Sir Clive Sinclair, who launched countless programming careers, has died at the age of (ZX) 81.
No one in Australia would remember him for his failed C5 electric trike (we never saw them, except on news reports), but a mate in high school had a ZX81, and I still remember pressing my fingertips firmly on its flat plastic keyboard. Even though it couldn’t do much, it looked great, with its sharp black corners and red lettered logo, like KITT from Knight Rider. In rural Tasmania in the early 1980s, it was pretty cutting-edge.
I can’t think of too many of the personal computers of the time that were so closely associated with a single individual. None of us knew who’d founded Acorn, or who the Vic was behind the VIC-20. Even Apple had two Steves, not one. Clive was one of a kind.
18 September 2021
Tim Brooke-Taylor, one third of the legendary comedy trio The Goodies, has died of Covid-19. A contemporary and sometime-colleague of the Monty Python team, he appeared in the original version of the Four Yorkshiremen sketch on At Last the 1948 Show, and was also a member of the long-running BBC radio panel show I’m Sorry I Haven’t a Clue. But to a generation of children in Britain, Australia and elsewhere, he was the Union-Jack-waistcoat-wearing Tim from The Goodies, the BBC television comedy show that dominated the 1970s.
I’ve been feeling particularly bereft since seeing this news today, as Tim and the rest of the Goodies were giants of my childhood TV-viewing in Australia. I’d been rewatching some episodes with my daughter in recent months, and he was just as brilliant in them as I’d remembered, even if some episodes haven’t aged as well as others. On radio, he sounded as sharp as ever, well into his seventies.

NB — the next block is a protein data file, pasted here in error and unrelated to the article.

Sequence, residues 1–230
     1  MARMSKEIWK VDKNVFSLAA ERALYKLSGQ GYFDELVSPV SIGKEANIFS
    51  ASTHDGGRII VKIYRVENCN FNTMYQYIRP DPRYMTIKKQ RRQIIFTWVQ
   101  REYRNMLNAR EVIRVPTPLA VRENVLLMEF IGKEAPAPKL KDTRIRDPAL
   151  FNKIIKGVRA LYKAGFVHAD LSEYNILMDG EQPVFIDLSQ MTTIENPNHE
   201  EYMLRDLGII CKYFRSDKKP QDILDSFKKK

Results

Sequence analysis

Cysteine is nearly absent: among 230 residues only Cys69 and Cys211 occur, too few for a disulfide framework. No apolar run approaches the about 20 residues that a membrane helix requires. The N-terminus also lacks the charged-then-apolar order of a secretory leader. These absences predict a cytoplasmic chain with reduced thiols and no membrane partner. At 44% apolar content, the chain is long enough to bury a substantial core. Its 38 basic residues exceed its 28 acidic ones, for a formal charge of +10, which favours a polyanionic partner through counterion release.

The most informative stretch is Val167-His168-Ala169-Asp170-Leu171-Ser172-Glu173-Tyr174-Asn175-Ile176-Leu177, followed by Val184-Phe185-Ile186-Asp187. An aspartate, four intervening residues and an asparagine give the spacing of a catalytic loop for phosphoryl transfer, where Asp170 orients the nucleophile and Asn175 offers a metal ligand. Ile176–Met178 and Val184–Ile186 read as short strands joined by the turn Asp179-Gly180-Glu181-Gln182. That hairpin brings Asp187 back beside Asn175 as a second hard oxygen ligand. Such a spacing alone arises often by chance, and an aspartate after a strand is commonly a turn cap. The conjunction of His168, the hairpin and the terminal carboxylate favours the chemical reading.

Goodbye, you wonderful, funny man.
12 April 2020
The death of Terry Jones the other day left me wanting to write everything about what he meant to me as a young fan of comedy, which meant I ended up writing nothing. Here he is talking about his dementia in 2017. What a gift to us all his life and work was.
Commenting on the death of Nicholas Parsons is more manageable, if only because his legacy was more focussed. Growing up in Australia I knew him only from The Goodies, where he was a regular target of jokes—affectionate ones, I realised in hindsight, although they were clearly having a go at a side of him that came across (from a younger man) as smarmy and patronising. After moving to the UK I grew to love listening to him on Just a Minute, and am glad I was able to do so for almost two decades; how extraordinary that that was less than half of his reign on the show.
31 January 2020